The search was comprised of two stages. Stage I was constructed to identify a library of biomarkers that positively correlated with histological findings of fibrosis on biopsy. The keywords used to conduct stage I of the systematic review included ‘biological markers’, ‘markers’, ‘biomarkers’, and ‘fibrosis’ cross-referenced with ‘chronic renal insufficiency’, ‘kidney disease’ and ‘chronic kidney disease’. Stage II was aimed to evaluate the association between biomarkers in stage I and renal outcomes. To focus on the most relevant and promising biomarkers in the literature, only biomarkers with moderate positive correlation with fibrosis (r > 0.40) or acceptable area under the curve (AUC > 0.65) were assessed in stage II. For stage II, a separate search was conducted for the selected biomarkers and cross-referenced with the following keywords: ‘chronic kidney failure’, ‘chronic renal insufficiency’, ‘kidney diseases’, ‘kidney prognosis’, ‘renal prognosis’, ‘disease progression’, ‘renal function outcome’, ‘long term outcome’, and ‘progression of renal failure’.

Study selection

Study eligibility for stage I included studies with patients of all ages, biomarkers that were measured either in blood or urine, and studies that included a renal biopsy as the gold standard to evaluate the level of fibrosis. Studies were excluded from stage I if fibrosis was not defined or assessed on biopsy or if only tissue biomarkers were used.

The inclusion criteria for stage II also included studies with patients of all ages and biomarkers that were measured in blood or urine but studies were only eligible if biomarker measurement preceded renal outcomes. Studies included in stage II had to have at least one outcome as worsening of renal function defined histologically or by a change in urinary albumin or protein excretion, serum cystatin-C, serum creatinine or eGFR. Studies that included patients on renal replacement therapy at enrollment or studies that only assessed tissue biomarkers were excluded from stage II. Also studies that assessed composite outcomes of renal and non-renal events without evaluating the sole association of the biomarker with the renal event were excluded. All studies included were required to have a statistically significant adjusted point estimate or AUC associating the biomarker with the specified renal outcome.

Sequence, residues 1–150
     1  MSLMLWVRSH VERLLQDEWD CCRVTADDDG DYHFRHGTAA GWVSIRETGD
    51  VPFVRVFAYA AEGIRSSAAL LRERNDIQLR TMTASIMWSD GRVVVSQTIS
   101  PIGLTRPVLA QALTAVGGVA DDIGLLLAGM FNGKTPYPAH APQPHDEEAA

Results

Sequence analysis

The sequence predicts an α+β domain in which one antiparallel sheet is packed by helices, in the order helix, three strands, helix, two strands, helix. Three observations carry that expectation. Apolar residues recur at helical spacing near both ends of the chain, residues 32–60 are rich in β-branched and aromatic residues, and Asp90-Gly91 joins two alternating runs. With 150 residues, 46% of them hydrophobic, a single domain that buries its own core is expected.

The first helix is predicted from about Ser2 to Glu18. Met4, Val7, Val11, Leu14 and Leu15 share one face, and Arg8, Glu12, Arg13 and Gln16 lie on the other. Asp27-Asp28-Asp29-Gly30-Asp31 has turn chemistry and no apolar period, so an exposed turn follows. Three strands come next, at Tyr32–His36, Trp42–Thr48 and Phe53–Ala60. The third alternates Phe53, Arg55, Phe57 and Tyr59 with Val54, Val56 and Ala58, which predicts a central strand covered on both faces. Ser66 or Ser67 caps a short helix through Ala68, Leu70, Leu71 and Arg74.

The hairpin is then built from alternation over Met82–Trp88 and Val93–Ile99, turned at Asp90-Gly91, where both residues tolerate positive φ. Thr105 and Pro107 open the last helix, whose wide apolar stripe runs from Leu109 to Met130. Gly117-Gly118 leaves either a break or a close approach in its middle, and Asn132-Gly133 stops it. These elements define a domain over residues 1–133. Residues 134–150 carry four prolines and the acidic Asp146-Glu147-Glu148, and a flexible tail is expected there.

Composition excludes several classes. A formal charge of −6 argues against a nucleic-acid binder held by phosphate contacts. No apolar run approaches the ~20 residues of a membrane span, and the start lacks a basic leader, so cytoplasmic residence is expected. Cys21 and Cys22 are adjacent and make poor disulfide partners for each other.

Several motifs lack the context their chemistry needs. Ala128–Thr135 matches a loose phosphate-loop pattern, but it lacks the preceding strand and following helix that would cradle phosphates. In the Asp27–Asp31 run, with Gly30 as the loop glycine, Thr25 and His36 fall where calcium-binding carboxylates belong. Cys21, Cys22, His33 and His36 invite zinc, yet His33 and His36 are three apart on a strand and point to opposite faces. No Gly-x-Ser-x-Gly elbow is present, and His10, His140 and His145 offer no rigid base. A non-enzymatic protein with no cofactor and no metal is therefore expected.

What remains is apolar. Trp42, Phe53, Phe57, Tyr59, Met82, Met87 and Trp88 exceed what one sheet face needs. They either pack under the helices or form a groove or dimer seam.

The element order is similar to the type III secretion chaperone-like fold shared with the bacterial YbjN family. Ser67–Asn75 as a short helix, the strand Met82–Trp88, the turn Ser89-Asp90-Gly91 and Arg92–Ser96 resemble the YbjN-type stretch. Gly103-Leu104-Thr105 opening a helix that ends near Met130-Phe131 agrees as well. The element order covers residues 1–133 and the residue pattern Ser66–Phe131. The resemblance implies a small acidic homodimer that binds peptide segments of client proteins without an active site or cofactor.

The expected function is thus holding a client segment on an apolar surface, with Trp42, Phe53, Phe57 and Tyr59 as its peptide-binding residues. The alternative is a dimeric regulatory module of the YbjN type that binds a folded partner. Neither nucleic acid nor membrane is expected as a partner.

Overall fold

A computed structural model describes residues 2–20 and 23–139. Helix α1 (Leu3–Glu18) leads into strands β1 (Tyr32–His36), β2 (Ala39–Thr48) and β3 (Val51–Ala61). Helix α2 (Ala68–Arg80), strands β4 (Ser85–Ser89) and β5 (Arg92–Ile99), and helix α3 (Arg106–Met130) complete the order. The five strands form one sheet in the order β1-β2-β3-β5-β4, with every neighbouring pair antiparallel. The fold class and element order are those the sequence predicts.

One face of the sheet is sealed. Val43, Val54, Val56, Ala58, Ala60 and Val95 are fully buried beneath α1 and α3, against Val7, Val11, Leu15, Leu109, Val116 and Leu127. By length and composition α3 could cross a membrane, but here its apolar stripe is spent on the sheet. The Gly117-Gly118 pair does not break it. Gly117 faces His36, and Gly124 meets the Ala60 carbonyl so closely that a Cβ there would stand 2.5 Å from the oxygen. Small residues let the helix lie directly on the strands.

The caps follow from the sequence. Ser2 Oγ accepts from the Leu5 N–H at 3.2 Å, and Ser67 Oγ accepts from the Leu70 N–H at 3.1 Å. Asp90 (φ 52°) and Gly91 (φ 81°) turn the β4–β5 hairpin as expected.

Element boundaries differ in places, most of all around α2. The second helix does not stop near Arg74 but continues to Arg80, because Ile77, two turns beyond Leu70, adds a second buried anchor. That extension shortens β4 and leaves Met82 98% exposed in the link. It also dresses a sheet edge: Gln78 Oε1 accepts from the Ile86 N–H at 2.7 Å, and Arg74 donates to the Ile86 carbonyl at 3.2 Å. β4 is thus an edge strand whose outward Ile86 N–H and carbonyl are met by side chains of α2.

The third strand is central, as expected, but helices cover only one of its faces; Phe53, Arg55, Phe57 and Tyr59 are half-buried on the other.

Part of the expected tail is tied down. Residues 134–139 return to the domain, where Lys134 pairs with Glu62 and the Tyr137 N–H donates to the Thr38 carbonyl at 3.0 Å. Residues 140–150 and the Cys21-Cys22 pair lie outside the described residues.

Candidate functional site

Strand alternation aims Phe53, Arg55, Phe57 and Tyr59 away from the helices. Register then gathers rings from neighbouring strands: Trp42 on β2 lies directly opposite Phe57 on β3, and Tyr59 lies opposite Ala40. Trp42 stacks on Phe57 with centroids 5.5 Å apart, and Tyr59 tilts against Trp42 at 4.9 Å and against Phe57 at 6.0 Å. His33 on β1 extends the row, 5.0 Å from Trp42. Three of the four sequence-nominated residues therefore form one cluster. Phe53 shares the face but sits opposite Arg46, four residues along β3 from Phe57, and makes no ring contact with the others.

Data collection and abstraction

Data was obtained using a standardized data extraction tool. For both stages, the data extracted included details regarding the biomarker used, the type of patient population, and sample size. Specifically for stage I, we also included the grading system used to define fibrosis on kidney biopsy as well as a Pearson correlation coefficient or sensitivity, specificity and AUC when available. For stage II, the data collection included length of follow-up for each study, as well as the study’s defined renal outcome and point estimate with 95% confidence interval or sensitivity, specificity and AUC if available.

Quality assessment

Two independent reviewers assessed the papers selected. The methodological validity for studies included in stage II was assessed using standards for reporting diagnostic accuracy studies (STARD) criteria [8]. Out of the 25 STARD criteria, we used the ten most relevant parameters to assess quality for this review since the studies included are mainly prognostic rather than diagnostic in nature (Additional file 1) [9]. Studies with a score ≥9 were designated as ‘good’ quality, 7–8 as ‘fair’ quality and ≤6 as ‘poor’ quality. Any disagreements that arose between the reviewers were resolved through discussion, or if necessary, by referral to a third reviewer.


The literature search for stage I identified 3681 published articles since January 1995, of which 3471 were excluded upon title and abstract review (Fig. 1). Of the remaining 210 articles, only 17 were included in stage I [1026]. In stage II, a total of 2734 articles were identified, from which 121 were selected for full-text evaluation (Fig. 2). From these, 9 studies were eligible to be included in stage II [2735].